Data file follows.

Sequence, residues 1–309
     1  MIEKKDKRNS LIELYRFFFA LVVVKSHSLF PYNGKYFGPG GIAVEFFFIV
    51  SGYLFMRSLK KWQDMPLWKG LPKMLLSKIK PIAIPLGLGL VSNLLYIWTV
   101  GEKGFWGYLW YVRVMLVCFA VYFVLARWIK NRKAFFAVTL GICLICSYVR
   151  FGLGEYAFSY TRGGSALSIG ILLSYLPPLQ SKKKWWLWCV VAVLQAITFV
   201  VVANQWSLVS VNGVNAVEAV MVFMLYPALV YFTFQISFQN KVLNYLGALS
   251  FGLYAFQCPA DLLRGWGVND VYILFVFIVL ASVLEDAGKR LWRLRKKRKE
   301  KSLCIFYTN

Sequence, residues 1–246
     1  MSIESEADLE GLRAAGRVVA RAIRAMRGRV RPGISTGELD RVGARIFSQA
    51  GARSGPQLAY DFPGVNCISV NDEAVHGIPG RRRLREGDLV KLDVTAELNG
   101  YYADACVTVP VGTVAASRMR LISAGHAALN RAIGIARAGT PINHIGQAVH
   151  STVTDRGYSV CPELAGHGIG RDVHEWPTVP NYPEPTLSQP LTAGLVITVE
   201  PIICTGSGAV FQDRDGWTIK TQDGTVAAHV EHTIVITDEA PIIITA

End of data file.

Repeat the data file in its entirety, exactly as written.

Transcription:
Sequence, residues 1–309
     1  MIEKKDKRNS LIELYRFFFA LVVVKSHSLF PYNGKYFGPG GIAVEFFFIV
    51  SGYLFMRSLK KWQDMPLWKG LPKMLLSKIK PIAIPLGLGL VSNLLYIWTV
   101  GEKGFWGYLW YVRVMLVCFA VYFVLARWIK NRKAFFAVTL GICLICSYVR
   151  FGLGEYAFSY TRGGSALSIG ILLSYLPPLQ SKKKWWLWCV VAVLQAITFV
   201  VVANQWSLVS VNGVNAVEAV MVFMLYPALV YFTFQISFQN KVLNYLGALS
   251  FGLYAFQCPA DLLRGWGVND VYILFVFIVL ASVLEDAGKR LWRLRKKRKE
   301  KSLCIFYTN

Sequence, residues 1–246
     1  MSIESEADLE GLRAAGRVVA RAIRAMRGRV RPGISTGELD RVGARIFSQA
    51  GARSGPQLAY DFPGVNCISV NDEAVHGIPG RRRLREGDLV KLDVTAELNG
   101  YYADACVTVP VGTVAASRMR LISAGHAALN RAIGIARAGT PINHIGQAVH
   151  STVTDRGYSV CPELAGHGIG RDVHEWPTVP NYPEPTLSQP LTAGLVITVE
   201  PIICTGSGAV FQDRDGWTIK TQDGTVAAHV EHTIVITDEA PIIITA